We grew unhappy with the untap ability, so we explored alternatives. Speaking abstractly, the original Morphling's three abilities helped it race, gave it evasion, and protected it from harm. Evasion was already covered by trample and protection was covered by indestructible, so we looked for a different ability that could help it win a race. Vigilance was raised as a simple alternative that frontloaded the untapping cost, but that didn't solve the gameplay problems. Haste was the next suggestion, with the logic that it helps Thornling race by letting it attack on the first turn.
I fell in love with the haste idea. It made the card better against control decks because I could attack immediately with it in the late game, and it made the card worse against creature swarm decks because it couldn't both attack and prevent the opponent from attacking. I also thought that Thornling standoffs would be less miserable because the decision to attack with one would be more meaningful. I played it that way for a few days and discovered that not only was that logic correct on all counts, but it was also more fun in intangible ways. There was something viscerally awesome about attacking with it immediately, and I fought for the change until it found way into the file. That ability survived all the way to print despite the double-take many of us did every time we read it in the file.
I can't blame anyone familiar with Morphling and Torchling for thinking that Thornling looks strange next to its Shapeshifter brethren. We also found it a little odd, and the decision to take the untap ability away from Thornling was contentious. However, I believe we ended up with a more fun Magic card because we were willing to let the oddness remain.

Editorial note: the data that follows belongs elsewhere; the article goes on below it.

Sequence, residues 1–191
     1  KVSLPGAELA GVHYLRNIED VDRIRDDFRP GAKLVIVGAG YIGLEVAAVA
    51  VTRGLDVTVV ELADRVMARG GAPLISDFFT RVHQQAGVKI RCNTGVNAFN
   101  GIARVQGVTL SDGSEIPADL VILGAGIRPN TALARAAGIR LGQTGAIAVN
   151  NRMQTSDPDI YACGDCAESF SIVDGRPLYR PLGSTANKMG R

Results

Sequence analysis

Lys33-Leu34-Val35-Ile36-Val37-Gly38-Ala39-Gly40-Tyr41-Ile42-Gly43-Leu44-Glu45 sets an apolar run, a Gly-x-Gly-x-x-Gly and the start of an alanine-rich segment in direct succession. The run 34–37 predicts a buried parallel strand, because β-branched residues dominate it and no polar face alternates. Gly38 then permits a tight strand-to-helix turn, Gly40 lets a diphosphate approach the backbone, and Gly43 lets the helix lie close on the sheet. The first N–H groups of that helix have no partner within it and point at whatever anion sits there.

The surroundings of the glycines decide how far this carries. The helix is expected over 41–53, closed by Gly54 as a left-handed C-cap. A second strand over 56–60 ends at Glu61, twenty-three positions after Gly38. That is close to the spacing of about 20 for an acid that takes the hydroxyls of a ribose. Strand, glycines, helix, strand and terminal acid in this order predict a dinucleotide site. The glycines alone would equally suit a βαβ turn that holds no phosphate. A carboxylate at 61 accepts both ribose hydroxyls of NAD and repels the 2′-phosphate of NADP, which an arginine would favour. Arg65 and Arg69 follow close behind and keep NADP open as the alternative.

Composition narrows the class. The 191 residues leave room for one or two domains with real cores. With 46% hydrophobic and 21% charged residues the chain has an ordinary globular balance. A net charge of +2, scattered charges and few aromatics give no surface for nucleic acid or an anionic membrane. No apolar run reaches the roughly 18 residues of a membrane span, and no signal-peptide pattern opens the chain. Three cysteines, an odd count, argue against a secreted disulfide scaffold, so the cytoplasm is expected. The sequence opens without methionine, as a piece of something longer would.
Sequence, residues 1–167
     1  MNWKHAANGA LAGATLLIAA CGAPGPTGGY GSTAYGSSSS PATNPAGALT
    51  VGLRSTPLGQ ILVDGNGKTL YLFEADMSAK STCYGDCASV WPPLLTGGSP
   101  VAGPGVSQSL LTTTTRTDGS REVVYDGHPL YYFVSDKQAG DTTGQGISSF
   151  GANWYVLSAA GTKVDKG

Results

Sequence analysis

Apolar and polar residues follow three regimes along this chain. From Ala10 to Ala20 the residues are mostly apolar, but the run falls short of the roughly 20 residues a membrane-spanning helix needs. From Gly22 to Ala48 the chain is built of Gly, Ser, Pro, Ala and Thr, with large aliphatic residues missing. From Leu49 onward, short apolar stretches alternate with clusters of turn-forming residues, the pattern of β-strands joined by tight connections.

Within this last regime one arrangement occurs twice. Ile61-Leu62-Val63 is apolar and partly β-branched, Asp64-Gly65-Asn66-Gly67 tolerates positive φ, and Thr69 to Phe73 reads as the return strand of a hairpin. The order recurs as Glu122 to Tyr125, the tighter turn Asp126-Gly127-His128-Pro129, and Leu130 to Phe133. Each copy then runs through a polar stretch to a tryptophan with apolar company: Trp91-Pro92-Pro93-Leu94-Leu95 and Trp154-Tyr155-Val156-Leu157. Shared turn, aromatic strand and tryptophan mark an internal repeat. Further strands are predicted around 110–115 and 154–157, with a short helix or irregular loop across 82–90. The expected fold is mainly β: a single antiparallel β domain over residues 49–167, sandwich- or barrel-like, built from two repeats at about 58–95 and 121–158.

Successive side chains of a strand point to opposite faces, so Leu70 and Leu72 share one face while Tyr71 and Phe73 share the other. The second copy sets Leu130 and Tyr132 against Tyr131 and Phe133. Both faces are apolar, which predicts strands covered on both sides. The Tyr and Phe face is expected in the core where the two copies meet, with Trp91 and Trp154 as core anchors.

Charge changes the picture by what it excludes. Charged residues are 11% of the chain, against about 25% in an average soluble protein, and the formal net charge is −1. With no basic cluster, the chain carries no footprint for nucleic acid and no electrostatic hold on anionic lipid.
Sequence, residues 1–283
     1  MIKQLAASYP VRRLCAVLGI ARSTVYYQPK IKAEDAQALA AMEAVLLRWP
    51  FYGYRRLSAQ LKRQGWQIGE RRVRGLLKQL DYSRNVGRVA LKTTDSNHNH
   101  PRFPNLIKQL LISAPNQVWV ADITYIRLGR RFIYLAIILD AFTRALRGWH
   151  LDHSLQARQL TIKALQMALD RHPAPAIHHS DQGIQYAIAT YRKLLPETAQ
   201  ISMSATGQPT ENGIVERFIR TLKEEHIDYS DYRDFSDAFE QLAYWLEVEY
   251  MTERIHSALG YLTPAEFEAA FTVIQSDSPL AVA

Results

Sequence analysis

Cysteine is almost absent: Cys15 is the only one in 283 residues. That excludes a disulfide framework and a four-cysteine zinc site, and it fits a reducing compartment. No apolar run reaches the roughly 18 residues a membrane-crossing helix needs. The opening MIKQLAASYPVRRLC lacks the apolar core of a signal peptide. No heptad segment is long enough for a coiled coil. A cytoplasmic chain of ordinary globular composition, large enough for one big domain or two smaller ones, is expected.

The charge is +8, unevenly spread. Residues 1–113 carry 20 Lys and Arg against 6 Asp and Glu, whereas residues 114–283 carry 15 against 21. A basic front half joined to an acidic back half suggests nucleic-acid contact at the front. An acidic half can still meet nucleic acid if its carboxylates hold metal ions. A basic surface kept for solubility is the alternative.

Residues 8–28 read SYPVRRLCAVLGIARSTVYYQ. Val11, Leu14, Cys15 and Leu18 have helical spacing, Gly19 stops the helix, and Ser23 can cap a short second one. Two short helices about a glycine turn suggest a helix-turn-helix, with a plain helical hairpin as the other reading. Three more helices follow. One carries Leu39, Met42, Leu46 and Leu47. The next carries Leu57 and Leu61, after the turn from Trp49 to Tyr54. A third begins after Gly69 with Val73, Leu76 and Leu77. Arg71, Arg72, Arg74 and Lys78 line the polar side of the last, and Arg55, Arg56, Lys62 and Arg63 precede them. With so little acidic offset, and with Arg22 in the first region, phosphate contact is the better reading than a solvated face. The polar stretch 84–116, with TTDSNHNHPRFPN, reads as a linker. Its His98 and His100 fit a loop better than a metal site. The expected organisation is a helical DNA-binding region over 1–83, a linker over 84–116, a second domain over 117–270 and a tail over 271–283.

As a final note, Thornling is my favorite Conflux card. I played four of it in the Standard deck that I used to gunsling at the Conflux Prerelease I attended, and I had tons of fun attacking for 7 over and over again. I hope that it will get a chance to shine at Pro Tour–Honolulu or in this summer's Standard format Pro Tour–Austin qualifiers!
Vintage is the Magic tournament format that gives players the opportunity to play with the widest variety of cards. Only cards that are not legal in any tournament format and those that involve manual dexterity, ante, or subgames are banned. The worst fate that other cards can suffer is being placed on the restricted list, which means that only one copy can be played in a 60-card Vintage deck. We enjoy it when cards like Tezzeret the Seeker and Inkwell Leviathan make a splash in Vintage, but we do not go out of our way to make cards for the format because only the most powerful cards in Magic thrive there, and it is impossible to compete with cards like the Moxes while keeping a reasonable power level in Standard. We use the restricted list to keep the format fun while still allowing players to play with the largest variety of cards possible.